Allergies are extremely common and can manifest in a variety of different ways. Our eyes are very sensitive and are very prone to be affected by allergic responses. An ocular allergy occurs when the surface of the eye has an inflammatory reaction to particles within the environment that trigger your immune system.
Like all allergies, ocular allergies occur when your immune system identifies a harmless substance as something that is potentially harmful. These are known as allergens. As a result, your immune system goes into overdrive to try and protect you, producing antibodies that will travel to the cells that release the chemicals – histamines - causing your allergic reaction. This will trigger the symptoms of your eye allergy which typically include watering, itchiness, redness, swelling, and burning/stinging. However, exact symptoms and their severity can vary between patients.
There can be a wide range of different things that trigger an eye allergy. Some of the most common include:
Pollen (all types)
Your eye doctor will work with you to discover the cause of your eye allergy. This is important because avoiding the trigger is the most important step that you can take to prevent suffering from the symptoms associated with your allergy.
Here are some of the other ways in which it is possible to treat ocular allergies and reduce the effect that they have on your day to day life.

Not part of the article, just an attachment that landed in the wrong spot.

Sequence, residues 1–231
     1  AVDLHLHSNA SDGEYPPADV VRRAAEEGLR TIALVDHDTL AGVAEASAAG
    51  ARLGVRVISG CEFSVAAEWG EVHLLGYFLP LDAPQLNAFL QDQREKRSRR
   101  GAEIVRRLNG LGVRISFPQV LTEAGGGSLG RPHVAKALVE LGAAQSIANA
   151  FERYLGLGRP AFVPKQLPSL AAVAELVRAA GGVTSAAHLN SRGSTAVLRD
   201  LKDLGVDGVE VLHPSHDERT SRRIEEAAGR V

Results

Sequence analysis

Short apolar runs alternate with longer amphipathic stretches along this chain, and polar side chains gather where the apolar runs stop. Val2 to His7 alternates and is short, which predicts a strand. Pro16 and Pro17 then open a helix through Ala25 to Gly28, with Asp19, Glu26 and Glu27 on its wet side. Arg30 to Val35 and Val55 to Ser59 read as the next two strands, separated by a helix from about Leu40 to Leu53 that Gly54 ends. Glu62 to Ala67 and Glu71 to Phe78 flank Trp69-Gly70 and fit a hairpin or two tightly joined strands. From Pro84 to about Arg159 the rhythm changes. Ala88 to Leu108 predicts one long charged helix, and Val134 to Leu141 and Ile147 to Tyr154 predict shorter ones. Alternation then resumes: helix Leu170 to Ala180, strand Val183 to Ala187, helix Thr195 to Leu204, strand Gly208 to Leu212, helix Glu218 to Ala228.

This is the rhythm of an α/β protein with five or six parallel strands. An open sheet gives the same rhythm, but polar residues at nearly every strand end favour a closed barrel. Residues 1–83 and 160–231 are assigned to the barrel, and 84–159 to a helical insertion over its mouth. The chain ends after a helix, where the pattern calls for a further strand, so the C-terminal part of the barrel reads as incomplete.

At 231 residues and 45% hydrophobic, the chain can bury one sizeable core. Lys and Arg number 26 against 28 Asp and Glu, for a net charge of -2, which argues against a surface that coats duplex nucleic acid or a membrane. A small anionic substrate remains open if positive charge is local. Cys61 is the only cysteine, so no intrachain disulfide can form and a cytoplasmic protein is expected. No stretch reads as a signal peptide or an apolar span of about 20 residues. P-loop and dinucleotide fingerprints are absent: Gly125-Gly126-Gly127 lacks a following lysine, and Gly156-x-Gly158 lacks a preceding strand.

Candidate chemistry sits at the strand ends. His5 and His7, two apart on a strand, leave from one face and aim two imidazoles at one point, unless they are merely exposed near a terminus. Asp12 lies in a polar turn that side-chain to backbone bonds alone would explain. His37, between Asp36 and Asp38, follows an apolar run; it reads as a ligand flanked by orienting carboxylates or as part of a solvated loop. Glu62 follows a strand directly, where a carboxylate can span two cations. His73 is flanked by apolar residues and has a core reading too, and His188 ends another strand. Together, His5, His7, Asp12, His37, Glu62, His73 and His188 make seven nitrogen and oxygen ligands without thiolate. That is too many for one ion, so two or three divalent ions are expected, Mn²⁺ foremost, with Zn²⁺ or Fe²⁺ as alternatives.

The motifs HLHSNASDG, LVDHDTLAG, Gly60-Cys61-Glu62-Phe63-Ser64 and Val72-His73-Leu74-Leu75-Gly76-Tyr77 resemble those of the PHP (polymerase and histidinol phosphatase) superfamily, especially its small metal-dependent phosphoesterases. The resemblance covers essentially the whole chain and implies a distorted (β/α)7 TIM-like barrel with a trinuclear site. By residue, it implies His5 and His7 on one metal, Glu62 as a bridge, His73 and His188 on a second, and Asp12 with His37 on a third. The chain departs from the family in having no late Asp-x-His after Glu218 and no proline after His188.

Although this is easier said than done since most of the time, we touch our face and eyes subconsciously, keeping your hands to yourself will help to reduce your symptoms. This is because you won’t transfer any potential allergens from your fingers to your eyes. You may be tempted to rub your eyes to try and stop the itching and irritation, but this can actually make the issue worse since rubbing them will trigger the release of more histamines.
Artificial tears are a useful and straightforward treatment to help counter the effects of eye allergies. They work by temporarily flushing allergens out of the eyes temporarily and most can be used up to six times each day. Preservative-free varieties can be used as often as is needed. However, some patients do find it inconvenient to have to take them out with them and apply them regularly.
Decongestants aren’t just for blocked noses. They can also help to reduce redness affecting the eyes, and if you choose one that contains antihistamines, you will also see a reduction in the itching and irritation that you experience. They are available over the counter, but long-term use isn’t recommended since this can actually make symptoms worse.
If your symptoms are moderate to severe, you may be recommended to take oral antihistamines that fight the histamine release that is triggering your eye allergy. These should be taken exactly as directed.
Steroid medications should never be taken longer-term or without the appropriate medical supervision, but they can be very helpful in reducing the symptoms of eye allergies. They are usually available as an eye drop that is administered once each day, but your eye doctor will talk you through the treatment.
Immunotherapy is usually the last resort for the treatment of severe allergies, or where all of the other solutions have failed. Immunotherapy involves regular shots of a medication that keeps your immune system under control, preventing it from overreacting to allergens. Again, you will need to be closely monitored if you undergo this type of treatment.
For more information about treating ocular allergies, please speak to our expert eyecare team in Cleburne, TX today.